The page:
The fact that some of the best elements of Logan’s Shadow are those that remain unchanged is perhaps indicative of the quality of Dark Mirror on the PSP. As with the first handheld outing for Gabe, the controls here are superb, especially considering the rather limited button set of Sony’s pocket-sized console. While the analogue nub and facia buttons work like the twin stick control of most modern console first-person shooters, the d-pad and two shoulder buttons handle weapon selection, the game’s various vision enhancing goggles, locking, stealth, climbing, the brilliant zipline and a whole host of other options, right down to different methods for door breaching, and somehow, they do so with flawless simplicity.
If that wasn’t enough, Gabe can now explore vast underwater sections, and even shoot and hide deep beneath the surface, and while the necessarily cumbersome nature of the submerged sections can feel frustrating at times, they add a great new depth to the series, if you’ll pardon the pun. Sniping an enemy patrolling a dock, as you lurk inches beneath him is thrilling even after dozens of similar kills.
If there are reasons to complain about Dark Mirror, they lie with the enemy AI. Insofar as moving and working together, by handheld standards the intelligence and behaviour of your gun toting rivals is quite impressive, but their trigger fingers are clearly broken, or their gun sights need some work. Their accuracy is laughable in the opening stages of the game, and you quickly realise that you can usually charge at most of your rivals without fear of injury. Then, in later stages they suddenly develop super human accuracy, though the more challenging missions in Logan’s Shadow are without doubt the more enjoyable.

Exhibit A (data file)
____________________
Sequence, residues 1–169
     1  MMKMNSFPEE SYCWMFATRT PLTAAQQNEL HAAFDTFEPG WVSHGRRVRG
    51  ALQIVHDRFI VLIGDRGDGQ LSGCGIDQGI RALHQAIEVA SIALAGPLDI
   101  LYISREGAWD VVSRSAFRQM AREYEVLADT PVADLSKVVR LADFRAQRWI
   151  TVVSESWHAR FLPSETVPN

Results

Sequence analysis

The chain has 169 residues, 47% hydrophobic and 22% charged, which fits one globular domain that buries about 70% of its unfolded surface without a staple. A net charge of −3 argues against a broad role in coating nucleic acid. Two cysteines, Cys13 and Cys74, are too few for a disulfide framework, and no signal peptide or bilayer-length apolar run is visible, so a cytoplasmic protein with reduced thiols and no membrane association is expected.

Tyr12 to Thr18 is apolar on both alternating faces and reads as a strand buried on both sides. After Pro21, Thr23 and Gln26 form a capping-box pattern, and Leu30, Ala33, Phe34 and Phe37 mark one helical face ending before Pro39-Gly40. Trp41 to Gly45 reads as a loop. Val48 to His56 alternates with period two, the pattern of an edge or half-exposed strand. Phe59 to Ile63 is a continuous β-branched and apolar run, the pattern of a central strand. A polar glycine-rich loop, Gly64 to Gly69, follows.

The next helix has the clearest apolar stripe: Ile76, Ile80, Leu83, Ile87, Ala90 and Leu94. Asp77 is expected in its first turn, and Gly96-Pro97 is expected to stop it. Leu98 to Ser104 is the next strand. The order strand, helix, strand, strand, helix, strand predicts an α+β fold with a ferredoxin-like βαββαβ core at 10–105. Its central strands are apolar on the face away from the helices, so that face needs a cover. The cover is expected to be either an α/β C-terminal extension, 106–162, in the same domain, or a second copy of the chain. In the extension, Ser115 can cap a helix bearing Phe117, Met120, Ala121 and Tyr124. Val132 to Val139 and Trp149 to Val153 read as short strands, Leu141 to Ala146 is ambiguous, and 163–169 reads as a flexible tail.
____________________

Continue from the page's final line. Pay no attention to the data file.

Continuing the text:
After you’re done with the substantial single-player game, there’s also a sizeable multiplayer mode, which is smooth and responsive, that includes several maps from Dark Mirror. Considering the rather serious tone and melodramatic nature of Syphon Filter, it’s also great fun and surprisingly giggle-inducing when played with a friend.
Most noteworthy of all of Logan’s Shadow’s attributes though, are the quite stunning visuals. It really does trump even the snazziest console versions of the game, and the clarity and richness of the cut-scenes is near unrivalled on the PSP. From the water to the skin tones, the detail is exceptional, and there is a genuinely excellent musical score that adds atmosphere and mood with aplomb. The long-standing Syphon Filter style also returns, which somehow manages to make a game dominated by the colour grey appear vibrant and appealing.
Overall, Logan’s Shadow is slick, well produced, and involving, and most importantly it is very hard to put down. The third-person shooter was once one of gaming’s most prolific genres, and while it’s now nowhere near extinction, great new examples are becoming a rare breed indeed. If the main criticism is that Bend Studio’s latest is a little too close to the brilliant Dark Mirror, there is barely a reason to begrudge this game. As great PSP action games go, this should be fairly near to the top of any list.